Apple tells suppliers to use “Taiwan, China” on labels

Apple, which celebrates its self-proclaimed commitment to free speech and human rights, reportedly told its suppliers in Taiwan to label their components to describe Taiwan as a province of the People’s Republic of China (PRC).

According to Japanese financial publication Nikkei, Apple warned its suppliers on Friday that China has tightened enforcement of a long-standing import rule “that parts and components made in Taiwan must be labeled as made in” Taiwan. , China” or “Chinese Taipei.”

The register asked Apple to comment on this report and iGiant used its freedom of speech to say nothing. If Apple was responding, it would probably say something like “We follow the law in the countries where we do business” or “we were just following orders”.

Taiwan was recognized as a sovereign country by the United Nations from 1949 until 1971, when the United Nations General Assembly voted to oust the Republic of China (Taiwan) and admit the PRC (Mainland China). Since then, the United States has maintained a “one China policy” that recognizes the PRC as China’s only legitimate government without accepting Chinese claims of sovereignty over Taiwan, officially a territory.

Nevertheless, the United States supplies arms to Taiwan and considers it an important trading partner – more than ever given the economic and strategic importance of Taiwan Semiconductor Manufacturing Company (TSMC), which manufactures tons of chips for the America and the rest of the world.

While China and the United States have left Taiwan’s status ambiguous to avoid open war, the uneasy peace is often tested, as was the case this week when Nancy Pelosi, Democratic Speaker of the House representatives, traveled to Taiwan after being warned. away by the Chinese government.

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Pelosi’s visit infuriated the CCP, which responded by staging threatening military exercises and announcing countermeasures, including the suspension of military, legal and economic cooperation efforts between China and the United States. CCP authorities also disciplined Pelosi and her family. China’s decision to apply its import labeling rules to designate Taiwan as its own province likely stems from this outburst of spite.

Apple has thrived on relying on Chinese companies as part of its supply chain. But its reliance on China for product sales and assembly has prevented the company from challenging the gross abuses, despite claiming otherwise.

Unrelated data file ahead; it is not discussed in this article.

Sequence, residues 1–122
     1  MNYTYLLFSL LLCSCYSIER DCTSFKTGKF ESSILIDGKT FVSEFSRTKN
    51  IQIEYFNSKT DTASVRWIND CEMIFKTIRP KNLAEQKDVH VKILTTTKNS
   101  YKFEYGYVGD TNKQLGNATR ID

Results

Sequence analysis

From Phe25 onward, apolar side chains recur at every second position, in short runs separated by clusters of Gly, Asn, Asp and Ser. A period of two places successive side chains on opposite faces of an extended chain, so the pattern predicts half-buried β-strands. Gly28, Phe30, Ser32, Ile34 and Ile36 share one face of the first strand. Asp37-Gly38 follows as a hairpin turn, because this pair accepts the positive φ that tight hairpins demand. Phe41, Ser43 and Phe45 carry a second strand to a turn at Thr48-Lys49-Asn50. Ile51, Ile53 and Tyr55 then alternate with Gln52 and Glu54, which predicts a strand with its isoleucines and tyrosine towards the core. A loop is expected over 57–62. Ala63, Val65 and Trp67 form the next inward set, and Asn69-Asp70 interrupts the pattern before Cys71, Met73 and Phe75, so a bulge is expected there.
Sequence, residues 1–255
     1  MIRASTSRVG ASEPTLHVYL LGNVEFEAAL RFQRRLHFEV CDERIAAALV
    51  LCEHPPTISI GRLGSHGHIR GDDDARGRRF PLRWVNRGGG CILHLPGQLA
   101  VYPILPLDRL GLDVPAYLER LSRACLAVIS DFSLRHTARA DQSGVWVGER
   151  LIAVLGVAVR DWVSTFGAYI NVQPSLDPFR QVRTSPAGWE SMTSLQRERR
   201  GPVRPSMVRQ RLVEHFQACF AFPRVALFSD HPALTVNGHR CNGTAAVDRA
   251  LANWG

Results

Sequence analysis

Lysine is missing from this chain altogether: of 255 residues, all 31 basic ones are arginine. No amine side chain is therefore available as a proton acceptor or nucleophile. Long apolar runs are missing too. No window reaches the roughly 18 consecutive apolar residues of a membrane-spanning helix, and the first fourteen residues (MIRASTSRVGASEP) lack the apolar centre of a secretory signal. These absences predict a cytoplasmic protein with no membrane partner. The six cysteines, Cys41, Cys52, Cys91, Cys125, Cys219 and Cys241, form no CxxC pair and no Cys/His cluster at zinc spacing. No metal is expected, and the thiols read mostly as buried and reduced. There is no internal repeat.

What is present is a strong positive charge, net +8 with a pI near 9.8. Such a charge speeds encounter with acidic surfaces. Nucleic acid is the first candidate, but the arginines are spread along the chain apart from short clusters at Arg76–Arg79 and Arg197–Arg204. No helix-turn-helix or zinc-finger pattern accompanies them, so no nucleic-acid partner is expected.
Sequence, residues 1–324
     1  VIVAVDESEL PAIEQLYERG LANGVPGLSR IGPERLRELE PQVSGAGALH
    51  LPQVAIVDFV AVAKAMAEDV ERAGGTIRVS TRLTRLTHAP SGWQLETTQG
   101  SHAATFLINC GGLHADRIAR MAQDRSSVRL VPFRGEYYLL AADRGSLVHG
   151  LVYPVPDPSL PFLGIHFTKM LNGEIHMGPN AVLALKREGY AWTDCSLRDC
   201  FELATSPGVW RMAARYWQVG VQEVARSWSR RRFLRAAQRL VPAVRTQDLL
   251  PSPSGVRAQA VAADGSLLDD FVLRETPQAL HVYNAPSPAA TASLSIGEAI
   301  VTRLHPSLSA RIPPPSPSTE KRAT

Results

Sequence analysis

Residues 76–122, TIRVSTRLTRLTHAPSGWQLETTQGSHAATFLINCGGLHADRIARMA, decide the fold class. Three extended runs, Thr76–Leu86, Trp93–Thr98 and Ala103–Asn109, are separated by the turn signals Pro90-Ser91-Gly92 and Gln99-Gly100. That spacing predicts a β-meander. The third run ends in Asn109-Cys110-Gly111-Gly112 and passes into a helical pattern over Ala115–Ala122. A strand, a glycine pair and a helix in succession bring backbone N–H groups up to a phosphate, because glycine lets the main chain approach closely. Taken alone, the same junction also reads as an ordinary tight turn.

In September 2020, Apple released a document [PDF] titled “Our Commitment to Human Rights”. He says: “At Apple and throughout our supply chain, we prohibit harassment, discrimination, violence and retaliation of any kind – and we have zero tolerance for violations motivated by any form of prejudice or prejudice. of bigotry.”

Apple has shown a little more tolerance for the mass detention of Uyghur Muslims in China.

In December 2020, the Tech Transparency Project reported that Apple suppliers relied on forced labor. And in May 2021, a report by The Information accused seven of Apple’s suppliers of using forced labor in China’s Xinjiang region.

When US lawmakers proposed legislation to hold companies accountable for allowing suppliers to use forced labor, Apple lobbied against the bill, which was nevertheless signed into law by President Biden towards the end of the year. last. Apple also lobbied the SEC, unsuccessfully, to block a shareholder proposal to compel the company to disclose more details about supply chain labor practices.

After Apple CEO Tim Cook spoke about his company’s supposed privacy commitment at the 2022 IAPP Global Privacy Summit, Republican FCC Commissioner Brendan Carr challenged Cook in a public letter following Apple’s removal of the Voice of America app from its App Store in China.

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Benjamin Ismail, project manager for AppleCensorship.com, associated with China-focused advocacy group Great Fire, said The register in an email that his organization responded to the Nikkei report on the labeling of Taiwanese products expressing concern by Twitter that it may only be a matter of time before Apple starts removing apps containing the characters “台湾/台灣” (Taiwan) without specifying “province of China” from its App Store.

“We asked if Apple would soon start censoring apps whose names don’t follow Beijing rules or because of their content,” Ismail said. “Unfortunately, this was not a rhetorical question or a sarcastic joke. We are well aware that such censorship is something that Apple is very capable of doing, as it has demonstrated time and again over the course of the last decade.”

As an example, Ismail pointed to Apple’s censorship of Taiwan flag emoji on iOS devices sold in Hong Kong and Macao.

“During the Umbrella movement in Hong Kong, [Apple] removed an app used by protesters for security purposes,” he said. “She gave very strict directives to her employees regarding their involvement in the movement, and excessively and severely restricted their freedom of expression.

“Unfortunately, we suspect that Apple’s ‘red line’, the moment it says ‘stop, stop, we cannot continue to collaborate with the Chinese regime and enforce its censorship demands’, is far from over. close,” Ismail said. “Apple has shown that it is willing to go to great lengths to secure the Chinese market, including violating sanctions by doing business with US sanctioned entities (see here, here, here and here).

“But we are determined to continue to speak out against Apple’s censorship and human rights abuses. No company, let alone a big tech company, should be allowed to put profit before human rights. man and individual liberties. ®


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